Friend of mine asked me if I fancied helping him out at Barefest. Not some nudist festival but basically an excuse for a twelve hour-long piss-up in a suburb of Morecambe with a rather unusual name, Bare. "Play what you like," he said. "I could do a bit of disco going on early house if you liked?" "Whatever, looby." (Vanity playlist here). It went down well, by which I mean that the Brexity, uPvC'd crowd ignored my music. We had to stop for the fucking stupid football but carried on later.

I got ten pounds for "expenses", which nearly covered my taxi back. I got home at half one. Kitty and Wendy texted me asking me to go round but I was absolutely knackered. Five days straight on the sparkledust and I was collapsing, and also theoretically in charge of my daughters. I went to bed and slept for twelve hours straight. I found my youngest raking through my records in the morning and that gave me a thrill. She's really into music, contemporary popular music, and it felt an honour to have her riffling through my records.

I am utterly and stupidly, stupid, stupid, anti-intellectual, wrong, wrong, useless, foolish, stupid, an idiot, in love with Wendy. She called for me yesterday. She turned up in this gorgeous brown dress. "You look lovely. Is that a new dress?" "Yes, brown's not really normally my colour but I liked this one. Can I wash my hands? The dog's ball has gone in some shit." She stood at the sink. We were talking, and it was all I could do to not wrap my arms round her lovely waist and kiss her.

We took a bottle of Prosecco up to the park at 10am and drank it and talked, had a bit of mdma and some yellow haze, which made us laugh. She was talking about Theodore Dreiser and struggling to remember what school of literature that is. I've read Sister Carrie but couldn't really think of the term that she was looking for, but I loved her in that moment (although I love her in every moment in which I am conscious). It was coursing through me, a river of emotion incapable of being expressed physically. We scrabbled around for terms. "What, American Realism?", I ventured. She shook her head.

We went to the pub and had loads of cheese. There was this massive party of solicitors in there, all strangled into ties and high heels. Having lunch with ties on, what the fuck's all that about. There was a tang of sweat. We met this bloke and me and Wendy both gave him our numbers. He was a depressive, intelligent, self-deprecating but not irritatingly so. "Depression is the highest form of vanity," as Julie Birchall once cruelly but accurately said. He assumed we were a couple. Afterwards me and him walked a short way together. "Yes," I said. "I do love her. First of all, every time I see her, I want to fuck her. I want to have sex with her. Then, when you've had a few, her lovely characteristics, her kindness, make me love her more."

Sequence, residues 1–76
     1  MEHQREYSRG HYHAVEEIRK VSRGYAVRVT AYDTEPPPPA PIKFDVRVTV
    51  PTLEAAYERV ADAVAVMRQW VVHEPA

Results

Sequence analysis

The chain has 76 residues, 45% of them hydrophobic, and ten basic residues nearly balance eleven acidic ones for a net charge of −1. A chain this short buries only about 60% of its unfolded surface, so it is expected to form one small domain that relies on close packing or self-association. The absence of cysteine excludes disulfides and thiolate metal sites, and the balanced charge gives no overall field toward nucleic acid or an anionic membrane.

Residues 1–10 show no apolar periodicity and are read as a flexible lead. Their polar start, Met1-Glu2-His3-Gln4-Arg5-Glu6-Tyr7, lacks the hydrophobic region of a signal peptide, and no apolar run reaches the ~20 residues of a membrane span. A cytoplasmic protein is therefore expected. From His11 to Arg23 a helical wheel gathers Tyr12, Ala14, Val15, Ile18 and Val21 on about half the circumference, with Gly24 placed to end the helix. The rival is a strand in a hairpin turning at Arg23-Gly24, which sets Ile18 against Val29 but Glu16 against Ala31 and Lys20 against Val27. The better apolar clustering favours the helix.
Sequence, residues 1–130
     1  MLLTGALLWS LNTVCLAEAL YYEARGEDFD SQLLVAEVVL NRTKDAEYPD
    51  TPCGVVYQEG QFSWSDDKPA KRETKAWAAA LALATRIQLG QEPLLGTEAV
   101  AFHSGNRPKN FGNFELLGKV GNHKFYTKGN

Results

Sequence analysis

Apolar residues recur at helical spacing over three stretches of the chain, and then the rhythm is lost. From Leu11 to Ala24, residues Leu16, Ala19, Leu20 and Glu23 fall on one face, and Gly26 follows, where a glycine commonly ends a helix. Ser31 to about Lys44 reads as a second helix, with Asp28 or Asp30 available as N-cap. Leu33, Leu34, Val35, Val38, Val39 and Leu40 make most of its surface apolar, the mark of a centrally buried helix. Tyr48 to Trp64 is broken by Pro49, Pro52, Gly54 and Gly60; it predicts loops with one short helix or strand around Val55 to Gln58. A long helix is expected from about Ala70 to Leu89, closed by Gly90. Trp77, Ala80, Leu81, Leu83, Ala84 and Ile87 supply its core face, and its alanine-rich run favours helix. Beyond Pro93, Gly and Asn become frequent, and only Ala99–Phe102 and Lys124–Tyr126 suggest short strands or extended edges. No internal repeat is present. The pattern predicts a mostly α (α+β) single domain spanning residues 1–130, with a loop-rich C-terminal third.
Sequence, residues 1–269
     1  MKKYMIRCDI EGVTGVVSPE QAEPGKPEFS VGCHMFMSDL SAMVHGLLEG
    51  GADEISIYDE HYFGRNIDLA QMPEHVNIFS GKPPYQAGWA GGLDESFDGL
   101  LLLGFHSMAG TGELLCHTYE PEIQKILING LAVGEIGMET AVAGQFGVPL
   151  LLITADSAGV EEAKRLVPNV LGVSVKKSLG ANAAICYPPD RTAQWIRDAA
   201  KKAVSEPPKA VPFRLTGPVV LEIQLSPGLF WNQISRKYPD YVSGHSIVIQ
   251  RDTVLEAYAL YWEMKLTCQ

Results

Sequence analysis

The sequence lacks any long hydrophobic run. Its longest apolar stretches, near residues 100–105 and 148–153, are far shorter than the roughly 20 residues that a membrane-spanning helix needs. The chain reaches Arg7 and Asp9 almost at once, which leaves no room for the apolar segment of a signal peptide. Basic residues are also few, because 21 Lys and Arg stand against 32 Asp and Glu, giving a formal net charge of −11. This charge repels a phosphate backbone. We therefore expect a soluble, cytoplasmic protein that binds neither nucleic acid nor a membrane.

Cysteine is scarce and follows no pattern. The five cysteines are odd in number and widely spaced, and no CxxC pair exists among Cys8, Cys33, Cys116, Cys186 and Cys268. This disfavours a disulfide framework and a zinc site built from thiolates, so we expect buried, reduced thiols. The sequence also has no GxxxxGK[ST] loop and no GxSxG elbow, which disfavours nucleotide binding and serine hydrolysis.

I got home and sent Wendy a text. "... and I do love you. I don't quite know what love is but if it means every single time I see you I think I have never seen you looking so lovely and wanting to rake you with my eyes, and a desperately suppressed desire to stroke you and hold you and snuggle you, and if it means being constantly open-eyed at your kindness and generosity to others, and how I can feel so much myself that I never say anything but the truth, well then, I love you."

I thought it was over then but then she rang. "Looby, have you had enough of me?" "What? What are you on about? I could never have enough of you!" "No, it's just that Gerald [husband] has gone off in a huff. Just had a row with him because he accused me of always looking nice when I see you Xx."

I went round to hers, sat in her garden with The Little Dictator (aka her daughter) and her aunt, ate pizza, drank wine, threw the slobber-soaked ball for the dog, and stared at her legs, her dress doing that lovely oblique hem slant that is a consequence of leg-crossing. I am smitten.

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looby, n.; pl. loobies. A lout; an awkward, stupid, clownish person

M / 52 / Lancaster ("the Brighton of the North").

"Looby is a left-wing intellectual who is obsessed with a) women's clothes and b) tits." -- Joy of Bex.

WLTM literate woman, 40-65. Must have nice tits, a PhD, and an mdma factory in the shed, although the first on its own will do in the short term.

There are plenty of bastards who drink moderately. Of course, I don't consider them to be people. They are not our comrades.
Sergei Korovin, quoted in Pavel Krusanov, The Blue Book of the Alcoholic

I am here to change my life. I am here to force myself to change my life.
Chinese man I met during Freshers Week at Lancaster University, 2008

The more democratised art becomes, the more we recognise in it our own mediocrity.
James Meek

I hate the iPod; I hate the idea that music is such a personal thing that you can just stick some earplugs in your ears and have an experience with music. Music is a social phenomenon.
Jeremy Wagner

La vie poetique has its pleasures, and readings--ideally a long way from home--are one of them. I can pretend to be George Szirtes.
George Szirtes

One good thing about being a Marxist is that you don't have to pretend to like work.
Terry Eagleton, What Is A Novel?, Lancaster University, 1 Feb 2010

The working man is a fucking loser.
Mick, The Golden Lion, Lancaster, 21 Mar 2011